#include <avr/sleep.h>
#include <avr/wdt.h>

void die( void )
{
  wdt_disable();
  set_sleep_mode( SLEEP_MODE_PWR_DOWN );

  while ( true )
  {
    sleep_enable();
    cli();
    sleep_cpu();
  }
}


2. The output pins will retain their state.  Any pins configured OUTPUT / LOW will continue sinking and any pins configured OUTPUT / HIGH will continue sourcing.

I believe everything else will be completely shutdown.
Title: Re: use of exit(0)
Post by: Tom Carpenter on Feb 08, 2014, 01:09 pm
You could add the following for an Arduino Uno - this would reset all the pins to inputs with pullups disabled.
Code: [Select]
DDRC=0;
DDRB=0;
DDRD=0;
MCUCR |= _BV(PUD);
Title: Re: use of exit(0)
Post by: Coding Badly on Feb 09, 2014, 09:52 am

So, is there any interest in a "die" function or is this just an academic exercise?
Title: Re: use of exit(0)
Post by: retronet_RIMBA1ZO on Feb 09, 2014, 12:00 pm

...
...
In fact,  if you want to "end the program" on an arduino,  without turning it off or resetting it,  you want to do the opposite,  put it into an infinite loop that doesn't do anything.

would an alternative be something like;
Code: [Select]

void setup()
{
  while(1)
  {
    // main "loop" code
    goto exit; // instead of exit(0)
  }

exit:
// shutdown/cleanup process

}

void loop() {}
Title: Re: use of exit(0)
Post by: Tom Carpenter on Feb 09, 2014, 04:38 pm
not really.
For one millis() and Serial interrupts will still be firing.
Secondly SerialEvent() is still being called by loop.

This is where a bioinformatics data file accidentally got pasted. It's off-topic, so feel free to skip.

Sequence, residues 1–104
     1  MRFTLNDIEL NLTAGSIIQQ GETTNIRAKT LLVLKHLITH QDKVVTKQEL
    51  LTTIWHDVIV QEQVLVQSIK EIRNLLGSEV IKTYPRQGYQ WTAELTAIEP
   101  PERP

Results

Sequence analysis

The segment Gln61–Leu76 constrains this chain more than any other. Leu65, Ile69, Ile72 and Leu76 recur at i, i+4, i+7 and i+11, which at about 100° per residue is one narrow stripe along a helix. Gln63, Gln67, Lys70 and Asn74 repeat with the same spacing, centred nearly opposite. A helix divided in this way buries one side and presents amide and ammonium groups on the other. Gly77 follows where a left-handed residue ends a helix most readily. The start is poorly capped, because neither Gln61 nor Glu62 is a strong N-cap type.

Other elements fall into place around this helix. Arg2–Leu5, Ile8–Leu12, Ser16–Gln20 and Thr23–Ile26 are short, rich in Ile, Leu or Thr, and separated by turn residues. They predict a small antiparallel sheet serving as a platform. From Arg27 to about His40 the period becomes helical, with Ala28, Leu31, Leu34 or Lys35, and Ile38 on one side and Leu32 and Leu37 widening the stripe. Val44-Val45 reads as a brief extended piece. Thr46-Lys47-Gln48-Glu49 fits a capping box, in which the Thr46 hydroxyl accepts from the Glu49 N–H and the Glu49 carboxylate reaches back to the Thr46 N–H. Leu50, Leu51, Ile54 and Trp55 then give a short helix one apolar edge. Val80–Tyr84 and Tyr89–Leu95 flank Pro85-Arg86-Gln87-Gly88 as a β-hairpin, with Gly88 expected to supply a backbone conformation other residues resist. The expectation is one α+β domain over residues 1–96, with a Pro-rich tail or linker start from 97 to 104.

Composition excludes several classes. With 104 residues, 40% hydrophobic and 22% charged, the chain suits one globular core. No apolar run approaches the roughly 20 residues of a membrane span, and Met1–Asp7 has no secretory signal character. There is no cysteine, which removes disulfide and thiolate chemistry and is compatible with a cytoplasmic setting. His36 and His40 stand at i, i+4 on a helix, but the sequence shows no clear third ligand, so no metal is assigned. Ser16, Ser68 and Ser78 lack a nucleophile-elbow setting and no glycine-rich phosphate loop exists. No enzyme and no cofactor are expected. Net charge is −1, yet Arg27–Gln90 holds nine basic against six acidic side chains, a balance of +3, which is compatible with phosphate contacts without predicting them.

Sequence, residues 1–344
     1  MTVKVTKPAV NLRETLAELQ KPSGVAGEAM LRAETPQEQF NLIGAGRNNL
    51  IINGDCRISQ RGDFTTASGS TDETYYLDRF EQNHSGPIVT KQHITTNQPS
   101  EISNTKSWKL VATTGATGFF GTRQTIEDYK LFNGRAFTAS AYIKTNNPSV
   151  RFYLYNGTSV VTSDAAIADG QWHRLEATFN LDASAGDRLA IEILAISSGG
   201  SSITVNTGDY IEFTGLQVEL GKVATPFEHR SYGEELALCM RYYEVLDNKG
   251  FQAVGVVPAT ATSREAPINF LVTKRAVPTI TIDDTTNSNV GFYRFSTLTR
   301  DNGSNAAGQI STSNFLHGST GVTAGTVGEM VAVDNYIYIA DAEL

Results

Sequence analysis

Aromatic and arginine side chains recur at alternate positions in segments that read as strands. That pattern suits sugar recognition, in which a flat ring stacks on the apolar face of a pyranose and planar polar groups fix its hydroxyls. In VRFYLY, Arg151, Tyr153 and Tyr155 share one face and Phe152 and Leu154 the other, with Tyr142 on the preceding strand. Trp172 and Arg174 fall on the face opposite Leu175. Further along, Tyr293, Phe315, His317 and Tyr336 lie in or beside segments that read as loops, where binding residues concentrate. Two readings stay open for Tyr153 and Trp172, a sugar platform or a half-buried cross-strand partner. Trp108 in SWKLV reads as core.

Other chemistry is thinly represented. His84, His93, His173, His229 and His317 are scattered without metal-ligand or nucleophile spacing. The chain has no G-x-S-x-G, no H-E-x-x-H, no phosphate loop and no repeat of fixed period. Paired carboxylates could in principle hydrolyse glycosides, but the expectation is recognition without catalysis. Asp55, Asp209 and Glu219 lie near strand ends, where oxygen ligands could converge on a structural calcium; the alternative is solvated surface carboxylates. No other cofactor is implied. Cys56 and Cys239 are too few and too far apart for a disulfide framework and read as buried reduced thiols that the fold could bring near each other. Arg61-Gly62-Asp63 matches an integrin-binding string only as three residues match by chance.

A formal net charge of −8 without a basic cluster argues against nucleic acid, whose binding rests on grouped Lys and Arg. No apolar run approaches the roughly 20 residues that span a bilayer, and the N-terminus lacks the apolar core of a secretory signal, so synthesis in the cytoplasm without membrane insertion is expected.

Thirdly why on earth would you do it that way?
Title: Re: use of exit(0)
Post by: retronet_RIMBA1ZO on Feb 09, 2014, 04:47 pm

not really.
For one millis() and Serial interrupts will still be firing.
Secondly SerialEvent() is still being called by loop.

which it would still do in the example suggested by this person ?
Quote
put it into an infinite loop that doesn't do anything




Thirdly why on earth would you do it that way?

to show my n00bness...
Title: Re: use of exit(0)
Post by: Tom Carpenter on Feb 09, 2014, 05:44 pm
In our examples you will notice the cli() instruction which disables all interrupts. Also, we don't let loop() keep running (so nor will SerialEvent()).
Title: Re: use of exit(0)
Post by: PaulS on Feb 09, 2014, 07:28 pm
Quote
Secondly SerialEvent() is still being called by loop.

Only if the function is defined, and only if there is serial data to process, and only if the end of loop() is actually reached. Calls to exit() make the last part the most unlikely event to actually happen..
Title: Re: use of exit(0)
Post by: Tom Carpenter on Feb 10, 2014, 12:28 pm

Only if the function is defined, and only if there is serial data to process, and only if the end of loop() is actually reached. Calls to exit() make the last part the most unlikely event to actually happen..

You don't know that its not defined. The whole point in a function that is supposed to stop everything is that it stops everything and doesn't leave open the possibility that the user has left executable code that can still be run.
You'll also notice that in that example exit() is not called, but rather he has used a goto; statement to break out of a loop.